Bone density

Body water




Testing Your Body Composition

As discussed before, utilizing the weight on a typical scale, does not tell the full story. Also, utilizing Body Mass Index (BMI) is outdated and is very mislead as it only takes into account your weight in relation to your height and age, and does not account for muscle mass, bone mass, water weight, etc. There are a few common types of methods to measure body composition that vary in their level of accuracy. A few of the these methods include:

Body caliper/Skinfold method

Bioelectrical impedance analysis (BIA)

Hydrostatic weighing

Most of them output results in the form of:

Fat Mass (FM)

Body fat percentage, body weight fat, visceral fat, etc.

Fat-Free Mass (FFM)

Lean muscle mass

Skeletal muscle mass

Body water weight (contains most of the weight for organs)

Bone density/mass

Body caliper/Skinfold method

This method is the least expensive of the three and is done through the sole use of a body caliper. Most local gyms offer this service in addition to their personal training programs or you can simply buy a caliper and test yourself. For accuracy, measurements should be taken from the same site each time measurements are recorded and on the same side of the body. To take measurements, the target site skinfold is placed into the caliper and recorded. Some common recording sites in men are the chest, abdomen, and thigh. For women, common sites include the triceps, thigh, and hip region. Measurements are then plugged into an equation to give you your body fat percentage. What ever percentage is left is what your Fat-free mass (FFM) is comprised of.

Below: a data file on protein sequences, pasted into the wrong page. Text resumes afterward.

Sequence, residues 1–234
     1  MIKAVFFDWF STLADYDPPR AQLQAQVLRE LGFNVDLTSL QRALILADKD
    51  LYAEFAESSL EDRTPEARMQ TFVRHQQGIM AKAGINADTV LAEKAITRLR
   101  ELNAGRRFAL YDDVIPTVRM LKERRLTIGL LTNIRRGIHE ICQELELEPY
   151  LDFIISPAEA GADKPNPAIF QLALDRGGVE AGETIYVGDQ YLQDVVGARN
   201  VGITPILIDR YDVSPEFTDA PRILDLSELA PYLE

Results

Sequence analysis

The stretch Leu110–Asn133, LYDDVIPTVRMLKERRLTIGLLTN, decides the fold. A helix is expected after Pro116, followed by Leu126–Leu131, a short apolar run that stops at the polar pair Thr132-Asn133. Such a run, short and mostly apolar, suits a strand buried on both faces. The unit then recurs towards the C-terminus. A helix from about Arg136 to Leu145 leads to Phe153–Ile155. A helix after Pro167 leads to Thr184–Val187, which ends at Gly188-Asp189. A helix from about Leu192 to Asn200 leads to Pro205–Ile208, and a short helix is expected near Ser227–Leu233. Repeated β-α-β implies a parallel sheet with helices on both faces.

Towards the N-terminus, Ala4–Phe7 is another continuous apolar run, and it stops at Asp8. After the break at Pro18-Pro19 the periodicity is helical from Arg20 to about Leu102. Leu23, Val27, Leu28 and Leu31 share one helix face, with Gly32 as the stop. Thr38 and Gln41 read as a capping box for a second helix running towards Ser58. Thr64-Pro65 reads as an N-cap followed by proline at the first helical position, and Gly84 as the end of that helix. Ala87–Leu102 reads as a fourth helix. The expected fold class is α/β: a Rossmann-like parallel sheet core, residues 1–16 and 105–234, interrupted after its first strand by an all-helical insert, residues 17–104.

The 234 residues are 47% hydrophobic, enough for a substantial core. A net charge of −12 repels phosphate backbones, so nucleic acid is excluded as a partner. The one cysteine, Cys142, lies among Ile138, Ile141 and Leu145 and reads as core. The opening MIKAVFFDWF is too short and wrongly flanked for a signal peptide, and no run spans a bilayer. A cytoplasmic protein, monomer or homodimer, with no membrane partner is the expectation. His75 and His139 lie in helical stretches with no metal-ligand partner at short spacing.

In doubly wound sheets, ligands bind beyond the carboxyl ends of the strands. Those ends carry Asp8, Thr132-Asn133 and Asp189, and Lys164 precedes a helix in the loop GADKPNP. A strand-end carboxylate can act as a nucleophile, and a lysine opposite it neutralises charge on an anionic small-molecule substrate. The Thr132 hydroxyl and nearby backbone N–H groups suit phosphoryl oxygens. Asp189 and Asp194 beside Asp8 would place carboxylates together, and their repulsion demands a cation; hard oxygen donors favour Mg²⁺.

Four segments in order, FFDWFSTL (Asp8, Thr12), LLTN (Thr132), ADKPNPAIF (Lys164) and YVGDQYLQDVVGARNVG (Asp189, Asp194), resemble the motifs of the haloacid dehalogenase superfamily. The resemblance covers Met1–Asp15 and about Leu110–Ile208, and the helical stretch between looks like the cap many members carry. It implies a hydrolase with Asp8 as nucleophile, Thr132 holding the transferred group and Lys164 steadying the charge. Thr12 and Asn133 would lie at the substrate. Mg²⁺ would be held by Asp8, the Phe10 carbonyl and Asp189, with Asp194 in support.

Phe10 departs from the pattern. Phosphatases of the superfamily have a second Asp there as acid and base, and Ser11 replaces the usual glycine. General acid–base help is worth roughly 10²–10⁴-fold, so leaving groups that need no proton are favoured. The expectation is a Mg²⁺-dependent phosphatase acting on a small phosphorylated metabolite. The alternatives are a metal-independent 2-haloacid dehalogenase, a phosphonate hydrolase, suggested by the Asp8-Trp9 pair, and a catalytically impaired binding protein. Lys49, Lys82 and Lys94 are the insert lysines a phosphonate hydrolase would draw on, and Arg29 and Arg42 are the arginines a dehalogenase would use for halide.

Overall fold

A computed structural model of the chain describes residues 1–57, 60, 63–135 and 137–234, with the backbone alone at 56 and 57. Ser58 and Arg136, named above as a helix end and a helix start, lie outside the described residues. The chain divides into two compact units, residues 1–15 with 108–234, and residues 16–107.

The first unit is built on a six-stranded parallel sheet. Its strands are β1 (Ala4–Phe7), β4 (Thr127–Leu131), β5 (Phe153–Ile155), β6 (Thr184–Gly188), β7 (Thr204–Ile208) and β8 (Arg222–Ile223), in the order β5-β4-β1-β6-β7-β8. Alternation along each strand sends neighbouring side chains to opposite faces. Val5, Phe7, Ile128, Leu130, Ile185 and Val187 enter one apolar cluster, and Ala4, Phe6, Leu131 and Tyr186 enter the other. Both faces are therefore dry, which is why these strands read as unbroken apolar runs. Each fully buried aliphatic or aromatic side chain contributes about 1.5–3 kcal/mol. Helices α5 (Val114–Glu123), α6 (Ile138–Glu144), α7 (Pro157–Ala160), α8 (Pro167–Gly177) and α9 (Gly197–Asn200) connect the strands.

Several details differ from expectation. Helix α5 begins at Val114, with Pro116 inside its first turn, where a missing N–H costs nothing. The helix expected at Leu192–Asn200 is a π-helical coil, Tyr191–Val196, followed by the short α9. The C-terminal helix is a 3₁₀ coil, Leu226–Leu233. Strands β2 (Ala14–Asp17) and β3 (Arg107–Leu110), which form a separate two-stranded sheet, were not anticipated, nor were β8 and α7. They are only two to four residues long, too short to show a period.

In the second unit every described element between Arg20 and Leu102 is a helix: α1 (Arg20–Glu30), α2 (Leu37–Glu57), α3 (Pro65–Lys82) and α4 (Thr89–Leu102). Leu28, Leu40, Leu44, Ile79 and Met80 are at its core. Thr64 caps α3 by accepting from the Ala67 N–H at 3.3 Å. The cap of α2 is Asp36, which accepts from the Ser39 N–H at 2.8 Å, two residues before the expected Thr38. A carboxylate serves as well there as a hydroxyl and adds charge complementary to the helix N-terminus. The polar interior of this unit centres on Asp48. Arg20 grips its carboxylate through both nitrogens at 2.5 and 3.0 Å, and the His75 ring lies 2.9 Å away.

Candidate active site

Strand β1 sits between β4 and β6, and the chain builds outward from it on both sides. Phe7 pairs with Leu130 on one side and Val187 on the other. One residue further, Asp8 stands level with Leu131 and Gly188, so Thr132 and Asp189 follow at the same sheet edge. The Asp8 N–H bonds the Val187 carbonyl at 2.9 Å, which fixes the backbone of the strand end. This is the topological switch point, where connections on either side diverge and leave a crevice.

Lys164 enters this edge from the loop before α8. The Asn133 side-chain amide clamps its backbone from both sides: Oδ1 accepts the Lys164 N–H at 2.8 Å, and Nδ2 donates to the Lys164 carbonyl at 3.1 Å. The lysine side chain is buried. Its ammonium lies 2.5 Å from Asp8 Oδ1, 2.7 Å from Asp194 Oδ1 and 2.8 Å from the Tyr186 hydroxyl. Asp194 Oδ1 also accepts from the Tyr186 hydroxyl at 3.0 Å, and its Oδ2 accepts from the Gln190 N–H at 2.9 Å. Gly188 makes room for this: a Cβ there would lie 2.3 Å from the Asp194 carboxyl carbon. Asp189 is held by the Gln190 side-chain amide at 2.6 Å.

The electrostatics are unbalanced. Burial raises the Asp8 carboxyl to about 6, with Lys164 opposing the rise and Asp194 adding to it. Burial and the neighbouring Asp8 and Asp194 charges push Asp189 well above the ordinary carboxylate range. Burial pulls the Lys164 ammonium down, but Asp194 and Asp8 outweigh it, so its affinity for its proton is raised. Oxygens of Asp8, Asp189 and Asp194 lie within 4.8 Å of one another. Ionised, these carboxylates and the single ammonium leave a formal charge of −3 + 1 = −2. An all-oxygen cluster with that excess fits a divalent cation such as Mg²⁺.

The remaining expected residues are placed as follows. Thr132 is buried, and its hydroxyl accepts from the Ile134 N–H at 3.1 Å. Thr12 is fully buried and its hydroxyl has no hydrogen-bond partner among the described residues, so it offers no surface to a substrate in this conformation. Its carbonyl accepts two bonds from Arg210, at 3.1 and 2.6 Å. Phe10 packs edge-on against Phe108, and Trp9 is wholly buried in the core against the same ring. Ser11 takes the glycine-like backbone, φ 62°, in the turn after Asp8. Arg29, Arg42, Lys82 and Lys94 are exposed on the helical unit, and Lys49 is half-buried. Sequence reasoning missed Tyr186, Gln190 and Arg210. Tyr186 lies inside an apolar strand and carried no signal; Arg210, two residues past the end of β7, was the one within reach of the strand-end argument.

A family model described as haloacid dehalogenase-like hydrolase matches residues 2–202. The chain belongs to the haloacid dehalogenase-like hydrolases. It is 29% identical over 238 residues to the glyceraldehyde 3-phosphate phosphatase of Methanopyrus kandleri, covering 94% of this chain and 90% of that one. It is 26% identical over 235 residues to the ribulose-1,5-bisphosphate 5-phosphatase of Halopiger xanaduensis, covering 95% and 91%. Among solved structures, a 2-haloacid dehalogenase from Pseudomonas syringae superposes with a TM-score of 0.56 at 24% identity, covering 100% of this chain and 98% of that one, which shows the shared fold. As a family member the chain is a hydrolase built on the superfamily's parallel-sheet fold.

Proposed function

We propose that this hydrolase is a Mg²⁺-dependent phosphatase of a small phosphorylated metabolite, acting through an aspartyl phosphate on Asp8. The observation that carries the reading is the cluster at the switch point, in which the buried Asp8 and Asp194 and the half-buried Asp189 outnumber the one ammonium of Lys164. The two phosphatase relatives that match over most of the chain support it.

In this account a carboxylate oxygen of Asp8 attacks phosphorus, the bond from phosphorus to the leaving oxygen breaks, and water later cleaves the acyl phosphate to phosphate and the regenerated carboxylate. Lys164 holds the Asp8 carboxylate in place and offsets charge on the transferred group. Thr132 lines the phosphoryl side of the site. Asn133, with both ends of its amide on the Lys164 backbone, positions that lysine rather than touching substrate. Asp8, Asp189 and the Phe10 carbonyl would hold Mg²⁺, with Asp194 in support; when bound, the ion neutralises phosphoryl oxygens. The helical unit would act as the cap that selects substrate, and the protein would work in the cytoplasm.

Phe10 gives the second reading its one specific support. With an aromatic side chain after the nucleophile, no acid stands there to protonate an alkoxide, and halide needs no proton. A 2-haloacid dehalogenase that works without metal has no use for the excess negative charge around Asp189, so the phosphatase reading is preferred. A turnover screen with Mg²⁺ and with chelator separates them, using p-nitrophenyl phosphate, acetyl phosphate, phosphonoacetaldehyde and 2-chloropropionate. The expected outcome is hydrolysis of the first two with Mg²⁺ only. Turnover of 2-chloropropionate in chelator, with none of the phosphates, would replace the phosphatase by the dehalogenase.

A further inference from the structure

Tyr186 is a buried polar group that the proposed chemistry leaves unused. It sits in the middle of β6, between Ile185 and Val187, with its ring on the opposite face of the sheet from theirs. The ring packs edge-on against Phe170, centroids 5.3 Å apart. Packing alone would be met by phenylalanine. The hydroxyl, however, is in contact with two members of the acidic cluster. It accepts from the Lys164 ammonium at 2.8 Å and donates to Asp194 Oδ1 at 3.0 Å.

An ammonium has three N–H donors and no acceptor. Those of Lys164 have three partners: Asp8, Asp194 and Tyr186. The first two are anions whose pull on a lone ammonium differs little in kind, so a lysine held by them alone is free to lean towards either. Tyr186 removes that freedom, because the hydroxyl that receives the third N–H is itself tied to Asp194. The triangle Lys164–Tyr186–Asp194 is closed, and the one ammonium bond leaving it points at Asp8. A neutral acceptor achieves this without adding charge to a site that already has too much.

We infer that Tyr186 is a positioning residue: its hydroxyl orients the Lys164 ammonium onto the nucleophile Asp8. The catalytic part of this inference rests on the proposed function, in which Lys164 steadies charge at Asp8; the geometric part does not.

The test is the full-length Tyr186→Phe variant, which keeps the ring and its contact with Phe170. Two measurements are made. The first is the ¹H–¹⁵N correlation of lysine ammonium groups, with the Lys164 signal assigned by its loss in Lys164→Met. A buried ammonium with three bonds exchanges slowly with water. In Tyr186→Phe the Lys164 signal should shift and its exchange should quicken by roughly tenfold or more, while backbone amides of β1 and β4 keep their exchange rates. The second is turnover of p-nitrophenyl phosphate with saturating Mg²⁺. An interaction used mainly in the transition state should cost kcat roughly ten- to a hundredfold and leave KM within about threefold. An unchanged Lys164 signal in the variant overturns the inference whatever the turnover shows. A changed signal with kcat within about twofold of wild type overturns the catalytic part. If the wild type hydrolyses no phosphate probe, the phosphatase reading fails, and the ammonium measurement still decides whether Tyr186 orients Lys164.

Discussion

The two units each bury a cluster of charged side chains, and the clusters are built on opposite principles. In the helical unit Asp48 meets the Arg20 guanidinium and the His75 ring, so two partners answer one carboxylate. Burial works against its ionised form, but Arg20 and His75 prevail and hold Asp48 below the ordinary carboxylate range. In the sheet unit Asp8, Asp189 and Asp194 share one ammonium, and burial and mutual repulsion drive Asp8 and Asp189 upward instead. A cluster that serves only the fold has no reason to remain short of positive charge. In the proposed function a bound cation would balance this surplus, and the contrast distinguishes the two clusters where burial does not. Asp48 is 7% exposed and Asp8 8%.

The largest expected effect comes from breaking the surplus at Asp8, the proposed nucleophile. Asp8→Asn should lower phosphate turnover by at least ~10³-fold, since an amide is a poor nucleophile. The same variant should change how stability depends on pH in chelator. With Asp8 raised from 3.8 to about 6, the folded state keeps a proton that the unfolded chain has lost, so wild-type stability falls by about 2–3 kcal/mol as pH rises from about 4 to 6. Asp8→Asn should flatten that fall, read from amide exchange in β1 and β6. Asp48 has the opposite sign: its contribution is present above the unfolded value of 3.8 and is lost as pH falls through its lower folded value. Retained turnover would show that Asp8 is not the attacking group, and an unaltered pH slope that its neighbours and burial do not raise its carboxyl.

Bioelectrical impedance analysis (BIA)

This method is based on the human body’s capability to produce electrical conduction due to the intracellular and extracellular fluids. The key is that since the body (FFM) is most made up of water and electrolytes, it conducts an electrical current that returns an index of total body water, which gives an estimate of Fat-Free Mass. To test, while lying on a table, electrodes are placed on your hands and feet that pass the electrical currents through your body. Although this is a very accurate way to test your body composition, it can be pricey to obtain the equipment.

Hydrostatic weighing

This method is the most accurate form of testing and is offered at many medical and sports medicine facilities. The equipment is by far too expensive for personal ownership, however, going to a facility that offers this sort of testing can be relatively inexpensive. The Archimedes’ Principle is the defining factor of this form of testing in stating that an object submerged in fluid loses weight equivalent to the weight of fluid displaced by the object volume. This principle focuses on body density, meaning that leaner individuals will have higher density submerged in water due to muscle or bone have a higher density than fat. The equipment looks like a small swimming pool that is hooked up to a computer/analyzer. When measuring, the following help determine body density: